There are so many things I loved about my late mother. Her spirit of generosity was literally without limit; she was fiercely loyal to her family and friends; she was very smart, insightful and without any guile whatsoever; was completely unpretentious; was THE best listener; had a wonderful sense of humor and never ever put herself first.
One thing I did not love -- but learned to accept and now miss terribly -- was her amazing ability to notice the slightest flaw in anything material. Thank goodness that ability did not translate to people. he never judged. But when it came to physical things, she noticed everything. Remember the "Seinfeld" episode where George gave Elaine a white cashmere sweater with a microscopic red dot? That was how it was with every pair of earrings, bracelet, item of clothing, stationery, bottle of perfume, etc. that my father, siblings and I gave her over the years for birthdays, Mothers' Day, etc. One of the happiest days of our lives was when gift cards were invented. Finally, we were off the hook. But some habits die hard, or are passed on to the next generation.
A few weeks before she died, while I was with her in her room in the hospice wing at Montefiore, my mother asked me: "Was I a good mother?"
Without a second's hesitation, I said: "No."
She looked puzzled, and I quickly said: "You ARE a good mother."
She smiled, but we both knew. The end was near. Yet I could not -- or would not -- bring myself to put her in the past and thought, maybe, if I did not give in to her fast-forwarding to her demise, it would not happen. But she had been very sick for many years, her body was tired and she was ready.
Just as I was leaving her room, she sat up in her bed and said: "Take care of your father. He's a prince." I looked her straight in the eyes and said: "I know. I will."
In the ensuing days, nature took its course. Despite conversations with her doctors that began with a plaintive "But IF..." she declined steadily until we hit that inevitable week when things shut down and she slept pretty much 24 hours a day -- with "no intake or output," as her nurses said. My father, sister, brother and I would talk to her because the nurses told us that studies have shown hearing is the last thing to go. Once, in the final days, when I spoke loudly and aggressively massaged her hand, she opened her eyes for just a second, looked straight into mine and seemed to smile. I may have imagined the smile, but I felt certain she knew I was there. At least I hoped so. When I left her room, I knew that was the last time I would see her alive.
Two days later, at 4:20 in the morning, the phone rang. It was my father -- her husband of more than 50 years -- who said simply: "I got the call." Nothing more had to be said. Since we were "prepared" -- to the extent that anyone can "prepare" for the death of a loved one -- for weeks, the conversation was fairly unemotional, mostly about timing of the funeral, who would call whom, etc. We both felt a sense of relief that her suffering was over, but disbelief that we would never see her again.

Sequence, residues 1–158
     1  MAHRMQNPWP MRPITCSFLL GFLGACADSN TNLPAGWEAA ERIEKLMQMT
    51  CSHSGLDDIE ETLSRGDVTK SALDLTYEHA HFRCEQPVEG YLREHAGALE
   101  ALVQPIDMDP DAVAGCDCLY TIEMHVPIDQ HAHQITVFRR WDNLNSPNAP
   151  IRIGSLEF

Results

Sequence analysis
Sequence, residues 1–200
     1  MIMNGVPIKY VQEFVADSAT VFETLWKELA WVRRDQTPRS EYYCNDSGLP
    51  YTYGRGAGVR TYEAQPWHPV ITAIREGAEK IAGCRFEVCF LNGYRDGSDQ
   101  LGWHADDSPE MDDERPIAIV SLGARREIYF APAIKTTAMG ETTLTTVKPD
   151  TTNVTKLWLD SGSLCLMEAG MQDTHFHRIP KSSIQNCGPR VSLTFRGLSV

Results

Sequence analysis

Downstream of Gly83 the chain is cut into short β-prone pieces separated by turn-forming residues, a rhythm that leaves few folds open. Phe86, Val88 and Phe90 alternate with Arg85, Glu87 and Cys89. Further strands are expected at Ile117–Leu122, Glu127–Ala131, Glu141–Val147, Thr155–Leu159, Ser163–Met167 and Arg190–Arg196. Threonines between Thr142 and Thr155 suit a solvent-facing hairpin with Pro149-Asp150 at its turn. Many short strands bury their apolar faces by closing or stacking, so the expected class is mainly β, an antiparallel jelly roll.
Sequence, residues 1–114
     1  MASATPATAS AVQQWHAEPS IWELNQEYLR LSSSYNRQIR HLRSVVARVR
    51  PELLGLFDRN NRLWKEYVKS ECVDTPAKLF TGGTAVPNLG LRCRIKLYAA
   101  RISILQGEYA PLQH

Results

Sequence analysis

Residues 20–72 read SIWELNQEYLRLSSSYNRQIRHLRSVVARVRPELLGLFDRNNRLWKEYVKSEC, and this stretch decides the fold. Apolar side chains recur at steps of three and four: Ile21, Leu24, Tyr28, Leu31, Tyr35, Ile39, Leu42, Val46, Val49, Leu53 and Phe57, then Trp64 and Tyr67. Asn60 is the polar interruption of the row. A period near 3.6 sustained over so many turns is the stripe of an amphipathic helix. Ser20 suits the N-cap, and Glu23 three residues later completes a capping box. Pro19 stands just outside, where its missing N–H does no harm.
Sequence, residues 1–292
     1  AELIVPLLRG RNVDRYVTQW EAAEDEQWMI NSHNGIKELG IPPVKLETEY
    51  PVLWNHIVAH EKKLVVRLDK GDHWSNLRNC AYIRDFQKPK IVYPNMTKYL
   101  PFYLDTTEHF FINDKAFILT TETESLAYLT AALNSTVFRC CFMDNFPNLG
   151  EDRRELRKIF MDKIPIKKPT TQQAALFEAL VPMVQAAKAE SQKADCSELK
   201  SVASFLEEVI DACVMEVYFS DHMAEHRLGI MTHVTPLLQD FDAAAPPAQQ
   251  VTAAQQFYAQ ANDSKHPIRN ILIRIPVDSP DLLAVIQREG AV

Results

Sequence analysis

My wife, children, sister-in-law and I piled into the car later that morning and made the 8-hour drive home. By the time we arrived at the hotel, we were tired, but rallied to spend some time with my remarkably calm father -- who, as always, was in the lobby to greet us -- and then went to our room.
The next day my wife, father, sister, brother and I went to the funeral home for a "private viewing." As I looked at my beautiful mother in her casket, I could not quite believe it. I reached for my wallet -- an act that, as usual, made my wife nervous -- took out all of the pictures of our kids, gently placed them in my mother's hands, kissed her forehead and walked away.
There was a very nice turnout for the funeral. (I still have the list of who came and who did not, and there are surprises in both categories.) When the service was over, my siblings, wife and I served as pallbearers. As we gently slid my mother's casket into the hearse, I noticed it -- a flaw! There was a tiny crack in one of the handles. In a weird way, I was pleased. It was almost as if...
I could have ignored it, of course, but that's not what my mother would have done. So I walked over to one of the funeral directors and told him there was a crack in part of the casket. He turned white and rushed over to take a look. I suggested that maybe some glue would fix it, but he was beside himself with embarrassment and said that if we wanted, they could "move Mom into another one (casket) in a matter of minutes." The image of that was unappealing, to say the least, but I told him I would ask my father what he wished to do.
I poked my head into the family limo, told my father of the situation and option, and without hesitation he said: "Let her be. Let's go (to the cemetery)." I conveyed the decision to the hovering funeral director, who seemed relieved and said they would "do something nice for Dad." I knew what he meant. Sure enough, when the invoice from the funeral home came a few weeks later, there was a "Special Discount" applied.
My mom would have been pleased. I had found a flaw, and her prince had been taken care of.
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